Performance Management is about the Conversation
by Marnie Green
Why is it that one of the most important parts of managing people is the part that is most often avoided or overlooked? Helping others be successful on the job is a core responsibility of managers. Yet, many managers avoid the tough conversations with employees.
Have you ever avoided a conversation with an employee about something because you were uncomfortable about bringing it up? Customer service issues, attendance, poor work quality, lack of teamwork. Those situations each call for exactly the conversations you should be having, not avoiding!
The next time you see an employee behavior that you believe needs to change and yet you feel that fear welling up in your chest remember to:
1. Define the behavior that is not productive. How are the person's actions impacting the work or other team members? The more job-specific you can be, the more objective the issue will sound.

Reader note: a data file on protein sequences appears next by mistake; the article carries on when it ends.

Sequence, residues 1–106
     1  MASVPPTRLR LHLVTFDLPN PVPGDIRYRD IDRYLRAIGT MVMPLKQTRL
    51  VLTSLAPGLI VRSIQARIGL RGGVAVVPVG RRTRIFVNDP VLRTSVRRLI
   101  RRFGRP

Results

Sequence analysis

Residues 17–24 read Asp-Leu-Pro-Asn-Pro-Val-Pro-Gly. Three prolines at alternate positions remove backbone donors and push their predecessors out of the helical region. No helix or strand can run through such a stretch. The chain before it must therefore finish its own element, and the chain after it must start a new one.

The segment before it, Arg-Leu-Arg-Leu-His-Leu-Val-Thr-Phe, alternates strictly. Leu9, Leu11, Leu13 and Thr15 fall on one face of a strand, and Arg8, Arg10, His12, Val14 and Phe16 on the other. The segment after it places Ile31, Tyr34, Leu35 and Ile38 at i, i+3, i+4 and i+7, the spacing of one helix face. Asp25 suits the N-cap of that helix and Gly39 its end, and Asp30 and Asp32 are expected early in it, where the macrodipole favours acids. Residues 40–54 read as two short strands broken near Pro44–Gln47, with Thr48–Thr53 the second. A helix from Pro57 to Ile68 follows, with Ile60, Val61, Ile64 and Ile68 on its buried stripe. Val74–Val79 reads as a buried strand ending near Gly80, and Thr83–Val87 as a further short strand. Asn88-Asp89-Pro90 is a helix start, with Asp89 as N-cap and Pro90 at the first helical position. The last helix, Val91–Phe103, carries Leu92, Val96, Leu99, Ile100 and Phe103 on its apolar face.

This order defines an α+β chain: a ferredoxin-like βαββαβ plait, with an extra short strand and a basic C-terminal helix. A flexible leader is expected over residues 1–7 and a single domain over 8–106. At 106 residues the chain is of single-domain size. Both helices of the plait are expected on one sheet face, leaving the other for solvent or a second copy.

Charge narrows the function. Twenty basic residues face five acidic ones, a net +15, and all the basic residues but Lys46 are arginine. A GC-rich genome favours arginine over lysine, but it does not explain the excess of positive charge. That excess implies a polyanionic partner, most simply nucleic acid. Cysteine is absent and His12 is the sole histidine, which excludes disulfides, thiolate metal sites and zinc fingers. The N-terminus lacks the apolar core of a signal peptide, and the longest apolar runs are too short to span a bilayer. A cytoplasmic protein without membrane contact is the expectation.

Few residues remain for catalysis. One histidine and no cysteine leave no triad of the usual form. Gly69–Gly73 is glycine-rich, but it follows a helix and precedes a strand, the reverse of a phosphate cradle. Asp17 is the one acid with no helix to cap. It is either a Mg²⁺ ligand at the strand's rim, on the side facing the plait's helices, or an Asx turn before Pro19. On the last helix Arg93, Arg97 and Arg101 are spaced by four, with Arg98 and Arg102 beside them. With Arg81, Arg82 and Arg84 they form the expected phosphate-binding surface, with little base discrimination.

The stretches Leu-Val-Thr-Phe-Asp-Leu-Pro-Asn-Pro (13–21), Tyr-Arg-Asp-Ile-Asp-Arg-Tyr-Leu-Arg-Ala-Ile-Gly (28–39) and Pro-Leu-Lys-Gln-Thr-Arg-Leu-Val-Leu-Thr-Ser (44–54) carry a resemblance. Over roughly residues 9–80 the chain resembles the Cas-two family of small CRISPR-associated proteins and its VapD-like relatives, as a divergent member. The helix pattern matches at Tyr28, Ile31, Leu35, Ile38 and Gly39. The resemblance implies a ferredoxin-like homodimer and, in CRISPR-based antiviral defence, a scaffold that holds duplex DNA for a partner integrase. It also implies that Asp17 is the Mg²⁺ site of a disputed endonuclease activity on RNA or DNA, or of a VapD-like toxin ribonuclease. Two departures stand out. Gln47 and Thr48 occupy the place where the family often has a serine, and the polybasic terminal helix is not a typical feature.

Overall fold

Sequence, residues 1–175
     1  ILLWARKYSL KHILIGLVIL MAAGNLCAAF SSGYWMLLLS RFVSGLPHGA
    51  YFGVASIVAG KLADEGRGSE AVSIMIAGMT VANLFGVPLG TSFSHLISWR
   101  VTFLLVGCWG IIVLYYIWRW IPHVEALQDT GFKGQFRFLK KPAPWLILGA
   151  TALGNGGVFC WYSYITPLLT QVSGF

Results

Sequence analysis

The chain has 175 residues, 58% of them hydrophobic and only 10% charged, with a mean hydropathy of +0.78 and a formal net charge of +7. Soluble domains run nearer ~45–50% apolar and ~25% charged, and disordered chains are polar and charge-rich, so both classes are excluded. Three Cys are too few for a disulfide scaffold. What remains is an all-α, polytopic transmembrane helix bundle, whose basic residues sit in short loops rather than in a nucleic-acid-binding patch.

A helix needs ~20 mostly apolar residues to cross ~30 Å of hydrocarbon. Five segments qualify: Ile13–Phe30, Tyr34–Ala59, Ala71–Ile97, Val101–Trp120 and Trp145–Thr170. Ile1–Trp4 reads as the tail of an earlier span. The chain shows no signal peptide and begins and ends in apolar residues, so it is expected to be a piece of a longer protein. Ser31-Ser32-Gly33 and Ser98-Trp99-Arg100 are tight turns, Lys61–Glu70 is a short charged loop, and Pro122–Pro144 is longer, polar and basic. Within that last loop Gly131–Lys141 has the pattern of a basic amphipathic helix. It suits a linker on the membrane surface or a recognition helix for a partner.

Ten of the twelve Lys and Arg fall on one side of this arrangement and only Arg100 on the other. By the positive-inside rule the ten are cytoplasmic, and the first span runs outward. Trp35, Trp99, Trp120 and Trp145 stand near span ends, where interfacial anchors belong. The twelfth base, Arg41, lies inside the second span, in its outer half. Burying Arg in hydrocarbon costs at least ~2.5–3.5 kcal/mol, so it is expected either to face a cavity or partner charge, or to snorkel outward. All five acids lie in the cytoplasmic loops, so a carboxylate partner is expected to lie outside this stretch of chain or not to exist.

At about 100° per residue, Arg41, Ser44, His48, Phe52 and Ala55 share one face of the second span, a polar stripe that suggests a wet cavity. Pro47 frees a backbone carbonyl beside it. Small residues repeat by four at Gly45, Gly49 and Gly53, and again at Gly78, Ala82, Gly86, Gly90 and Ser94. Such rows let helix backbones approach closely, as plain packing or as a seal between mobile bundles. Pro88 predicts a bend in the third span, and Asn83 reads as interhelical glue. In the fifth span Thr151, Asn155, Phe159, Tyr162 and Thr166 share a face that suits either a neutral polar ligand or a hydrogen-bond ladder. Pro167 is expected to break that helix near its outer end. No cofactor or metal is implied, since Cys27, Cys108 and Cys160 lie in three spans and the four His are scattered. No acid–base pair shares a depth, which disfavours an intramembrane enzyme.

2. Describe the behavior you expect. What should the person be doing instead of what they are doing now? Focus on the behaviors and not on the employee's attitude.
3. Focus on outcomes. Ask yourself, "What will happen if I talk with the employee about the behavior?" or "What will happen if I avoid having a conversation with the employee about the issue?" These questions will usually remind you that the issue will not be resolved or the behavior will not change until you initiate the conversation.
4. Just do it. Waiting for the "right time" to have what you believe is a difficult conversation only gives you an excuse to avoid the situation. Often, waiting to have the conversation only makes the situation worse. The sooner you initiate the conversation, the sooner the employee can improve their performance-- and the sooner you can move on to more pleasant things.
Sometimes just having the conversation is all that is needed to resolve workplace issues. Don't allow the human tendency to avoid conflict or "bad news" get in the way of doing what is required.
Marnie E. Green is Principal Consultant of the Arizona-based Management Education Group, Inc. She is the author of Painless Performance Evaluations: A Practical Approach to Managing Day to Day Employee Performance (Pearson/Prentice Hall). Green is a speaker, author, and consultant who helps organizations develop leaders today for the workforce of tomorrow. Contact Green at http://www.managementeducationgroup.com